Watch the "How it All Works" slideshow (3 mins)
We all know the expression, “It takes a village to raise a child.” At New City Initiative, we recognize that every family needs a village of support, especially families that have experienced homelessness. For these families, a network of caring and supportive people can make all the difference when it comes to stability, self-sufficiency, and educational success, and can even reduce the incidence of homelessness for future generations. Village Support teams assist a family over a six-month period during their transition from shelter to housing. Teams support families in following through on their sustainability plans, provide a small family assistance fund to invest in their success, and help connect them with local resources and integrate into their new community.
On June 25th, 2014, the Portland City Council unanimously passed a resolution of support for our interfaith initiative addressing family homelessness. In the next year, New City Initiative will recruit 50 faith communities to work with families and help them transition from being outside to being stable in housing.
Village Support Teams are composed of 4-6 volunteers from a congregation. Each team member commits approximately 4-6 hours a month over six months to work with a family transitioning from shelter to housing. Each team receives four hours of initial orientation and training, plus an additional four hours of continuing education over the course of their six month commitment. Teams work with families to set up action plans, develop budgets, and settle into their new homes and communities. Teams also raise $500 that goes into a "family assistance fund." The team and the family decide how to spend these funds as targeted investments in the family's success over the six-month period.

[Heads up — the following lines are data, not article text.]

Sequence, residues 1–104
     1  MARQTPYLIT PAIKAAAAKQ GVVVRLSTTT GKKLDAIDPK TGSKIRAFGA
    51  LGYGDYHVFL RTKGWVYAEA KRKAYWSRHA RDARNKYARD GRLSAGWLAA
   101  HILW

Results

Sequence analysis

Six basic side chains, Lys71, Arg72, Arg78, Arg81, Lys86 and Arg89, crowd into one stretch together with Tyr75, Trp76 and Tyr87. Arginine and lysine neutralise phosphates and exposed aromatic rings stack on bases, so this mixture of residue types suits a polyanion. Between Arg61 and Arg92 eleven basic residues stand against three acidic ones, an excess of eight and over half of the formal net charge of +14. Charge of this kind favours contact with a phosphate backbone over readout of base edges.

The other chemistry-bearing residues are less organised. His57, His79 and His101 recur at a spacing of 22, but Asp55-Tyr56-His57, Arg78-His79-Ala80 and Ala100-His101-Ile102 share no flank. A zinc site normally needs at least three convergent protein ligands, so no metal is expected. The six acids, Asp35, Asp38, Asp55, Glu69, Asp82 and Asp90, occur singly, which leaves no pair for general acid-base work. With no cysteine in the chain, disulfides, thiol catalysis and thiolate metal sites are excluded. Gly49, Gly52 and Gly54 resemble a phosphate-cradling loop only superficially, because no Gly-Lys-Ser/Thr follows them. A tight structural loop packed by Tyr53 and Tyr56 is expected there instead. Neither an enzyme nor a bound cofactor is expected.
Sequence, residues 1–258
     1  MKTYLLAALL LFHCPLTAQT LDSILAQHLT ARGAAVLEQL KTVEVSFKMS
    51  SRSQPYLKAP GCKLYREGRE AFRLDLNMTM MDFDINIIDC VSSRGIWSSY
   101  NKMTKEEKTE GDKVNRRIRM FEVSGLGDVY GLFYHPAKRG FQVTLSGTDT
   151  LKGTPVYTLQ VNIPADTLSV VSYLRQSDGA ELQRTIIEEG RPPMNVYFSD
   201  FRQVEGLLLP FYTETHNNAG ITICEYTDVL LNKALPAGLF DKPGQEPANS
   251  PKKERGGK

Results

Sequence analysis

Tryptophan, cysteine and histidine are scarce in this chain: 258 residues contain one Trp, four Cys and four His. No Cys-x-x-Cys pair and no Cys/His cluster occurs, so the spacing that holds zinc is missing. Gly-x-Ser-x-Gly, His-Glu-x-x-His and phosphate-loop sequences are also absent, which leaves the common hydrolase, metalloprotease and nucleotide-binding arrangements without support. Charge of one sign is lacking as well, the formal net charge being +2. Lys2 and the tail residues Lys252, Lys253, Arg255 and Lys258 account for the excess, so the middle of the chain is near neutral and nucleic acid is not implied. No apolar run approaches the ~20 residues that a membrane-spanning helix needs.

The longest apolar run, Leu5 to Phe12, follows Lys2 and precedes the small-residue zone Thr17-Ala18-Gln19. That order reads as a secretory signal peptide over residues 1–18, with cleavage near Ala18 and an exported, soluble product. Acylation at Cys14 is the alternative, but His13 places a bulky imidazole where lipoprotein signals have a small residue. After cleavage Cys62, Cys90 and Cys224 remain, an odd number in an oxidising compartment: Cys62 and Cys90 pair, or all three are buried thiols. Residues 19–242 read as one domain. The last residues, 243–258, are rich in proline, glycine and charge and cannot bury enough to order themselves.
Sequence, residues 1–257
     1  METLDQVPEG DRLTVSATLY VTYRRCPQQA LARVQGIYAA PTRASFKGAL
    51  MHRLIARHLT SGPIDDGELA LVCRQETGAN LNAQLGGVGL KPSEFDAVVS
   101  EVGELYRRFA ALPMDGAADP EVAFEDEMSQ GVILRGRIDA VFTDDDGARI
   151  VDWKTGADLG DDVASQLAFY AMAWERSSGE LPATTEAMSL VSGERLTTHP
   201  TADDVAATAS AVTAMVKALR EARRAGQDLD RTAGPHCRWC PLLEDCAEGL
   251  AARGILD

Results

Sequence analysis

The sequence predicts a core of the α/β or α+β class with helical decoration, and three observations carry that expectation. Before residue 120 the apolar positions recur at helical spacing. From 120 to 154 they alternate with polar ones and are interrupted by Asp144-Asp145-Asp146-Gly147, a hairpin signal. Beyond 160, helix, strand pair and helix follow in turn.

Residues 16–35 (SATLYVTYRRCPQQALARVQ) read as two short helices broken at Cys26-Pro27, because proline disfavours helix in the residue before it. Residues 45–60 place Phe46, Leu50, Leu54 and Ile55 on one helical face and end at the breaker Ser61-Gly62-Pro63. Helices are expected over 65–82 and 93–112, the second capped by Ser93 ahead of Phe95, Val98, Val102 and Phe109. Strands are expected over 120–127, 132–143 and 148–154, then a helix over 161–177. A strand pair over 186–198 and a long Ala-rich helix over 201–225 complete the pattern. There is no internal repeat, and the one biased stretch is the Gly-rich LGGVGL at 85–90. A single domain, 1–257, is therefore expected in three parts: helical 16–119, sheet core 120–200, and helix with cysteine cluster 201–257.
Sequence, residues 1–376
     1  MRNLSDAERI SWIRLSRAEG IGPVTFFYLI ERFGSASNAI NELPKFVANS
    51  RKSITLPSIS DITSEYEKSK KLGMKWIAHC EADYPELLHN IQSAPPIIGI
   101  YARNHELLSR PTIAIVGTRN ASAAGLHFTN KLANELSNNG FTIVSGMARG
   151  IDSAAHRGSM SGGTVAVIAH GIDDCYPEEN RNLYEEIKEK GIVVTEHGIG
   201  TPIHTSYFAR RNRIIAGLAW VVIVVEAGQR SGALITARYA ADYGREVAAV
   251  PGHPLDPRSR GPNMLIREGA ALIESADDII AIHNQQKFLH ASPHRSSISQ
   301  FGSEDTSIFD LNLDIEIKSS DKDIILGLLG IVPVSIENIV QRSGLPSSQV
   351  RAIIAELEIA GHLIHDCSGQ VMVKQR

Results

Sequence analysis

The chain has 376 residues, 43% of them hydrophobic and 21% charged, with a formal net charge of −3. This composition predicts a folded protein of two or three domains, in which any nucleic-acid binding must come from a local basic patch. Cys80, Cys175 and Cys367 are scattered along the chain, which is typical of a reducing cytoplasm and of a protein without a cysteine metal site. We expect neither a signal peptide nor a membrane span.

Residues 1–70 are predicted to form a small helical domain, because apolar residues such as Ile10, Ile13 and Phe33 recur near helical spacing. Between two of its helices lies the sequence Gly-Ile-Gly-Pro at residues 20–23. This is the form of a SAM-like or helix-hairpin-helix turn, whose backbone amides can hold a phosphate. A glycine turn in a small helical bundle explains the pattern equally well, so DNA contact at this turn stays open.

In 2013, 15 families were sponsored by congregations through the Village Support Network. Of these, all but one (93%) had positive housing outcomes. With the help of their teams, families took measurable steps toward stability, setting goals, making budgets, and obtaining employment.
The Village Support Network is ending the cycle of homelessness by fostering stability and self-sufficiency for families who have experienced homelessness. By developing and strengthening relationships both within the family and with the larger community, teams are helping families increase their housing stability, empowerment and overall life satisfaction. Teams are also deepening their understanding of the experience of homelessness, and strengthening their ability to relate to the experience of individuals who have experienced homelessness.
Families will have increased stability after participating in the Village Support Network by increased connections/completion of goals in the following areas:
We had 15 families and 18 communities of faith participate in the Village Support Network in 2013. Of these, 93 percent of the families we worked with in 2013 have remained stably housed. 73 percent have either maintained or achieved employment. Many of our faith communities have enjoyed and learned so much for their experiences that they are hosting additional teams.
In February 2013, Tina and Robbie were living in a shelter with their daughter, Mindy, both without employment but confident that things could turn around. They were matched with a support team from Saint Michael and All Angels Episcopal Church. The team assisted them in achieving the goals they had set for themselves. Now, Robbie and Tina are both working full-time as supervisors for DePaul Industries Security Services and Mindy is traveling after graduating high school in June 2014 with college in the near future. The family has achieved amazing things during their few months in the Village through their own efforts and with the support and encouragement of their team.
Interested in joining the "Village?" Join us for our next Village Support Network Training! More information here.
LaFreda Caesar (right) Hello there, my name is LaFreda Caesar and I am a Portland native. I received my B.S. in Social Sciences from Portland State University recently ...